Tuesday, November 15, 2011

Weyden, Rogier van der

Magdalen (right wing of the Braque family triptych)
oil on panel
41 x 34 cm
Musée du Louvre, Paris

Rogier van der Weyden  (1399 or 1400 – 1464) was an Early Flemish painter. He was highly successful and famous in his lifetime. However his fame lasted only until the 17th century, and was almost totally forgotten by the mid 18th century. His reputation was slowly rebuilt during the following 2 centuries and today he is known as one of the three great Early Flemish artists. His vigorous, subtle, expressive painting and popular religious conceptions had considerable influence on European painting.

This may be the finest Flemish 15th century portrait existing. View Mary's elegant posture, splendid clothes and delicate face. In her hand is her usual attribute; the jar with ointment with which she has anointed Jesus' feet. The text in the top refers to that act. It reads "Then took Mary a pound of ointment of spikenard, very costly, and anointed the feet of Jesus".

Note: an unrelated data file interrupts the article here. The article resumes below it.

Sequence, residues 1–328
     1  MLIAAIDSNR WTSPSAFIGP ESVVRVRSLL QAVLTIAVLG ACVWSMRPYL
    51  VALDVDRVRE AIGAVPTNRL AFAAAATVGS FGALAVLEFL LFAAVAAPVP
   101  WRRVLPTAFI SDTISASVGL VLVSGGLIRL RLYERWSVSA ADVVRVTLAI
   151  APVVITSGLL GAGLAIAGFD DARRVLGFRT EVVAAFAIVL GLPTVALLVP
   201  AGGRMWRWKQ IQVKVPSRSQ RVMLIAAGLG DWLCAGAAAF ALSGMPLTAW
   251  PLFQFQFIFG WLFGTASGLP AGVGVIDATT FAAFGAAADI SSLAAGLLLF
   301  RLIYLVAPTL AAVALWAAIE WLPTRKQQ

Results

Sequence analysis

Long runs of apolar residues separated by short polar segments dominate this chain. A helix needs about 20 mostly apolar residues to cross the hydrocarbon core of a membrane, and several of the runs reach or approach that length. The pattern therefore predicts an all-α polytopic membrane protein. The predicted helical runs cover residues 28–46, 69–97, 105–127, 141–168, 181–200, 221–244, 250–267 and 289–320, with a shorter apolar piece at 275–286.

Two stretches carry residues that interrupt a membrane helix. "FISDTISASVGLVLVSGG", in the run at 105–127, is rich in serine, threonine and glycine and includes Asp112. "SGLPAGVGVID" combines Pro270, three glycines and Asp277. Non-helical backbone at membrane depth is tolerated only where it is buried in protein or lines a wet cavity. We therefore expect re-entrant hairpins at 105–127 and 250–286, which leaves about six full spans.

Mary Magdalene, from an Christian tradition, is three different women combined: the unnamed sinner who smears the Lord’s feet with perfume and dries them with her hair; Mary of Bethany, who joined Jesus’ followers, received him in her house and persuaded him to raise her brother from the dead; and finally Mary of the town of Mandela, who is present both at the Crucifixion and at the Entombment, and whom Christ graces with his first appearance as a Redeemer in the episode known as the Noli me tangere. Mary Magdalene is the patron saint of prostitutes, hairdressers, perfumers, and of gardeners. In fine art she is presented with long loose hair; perfume or ointment pot, crown of thorns, mirror are sometimes also present.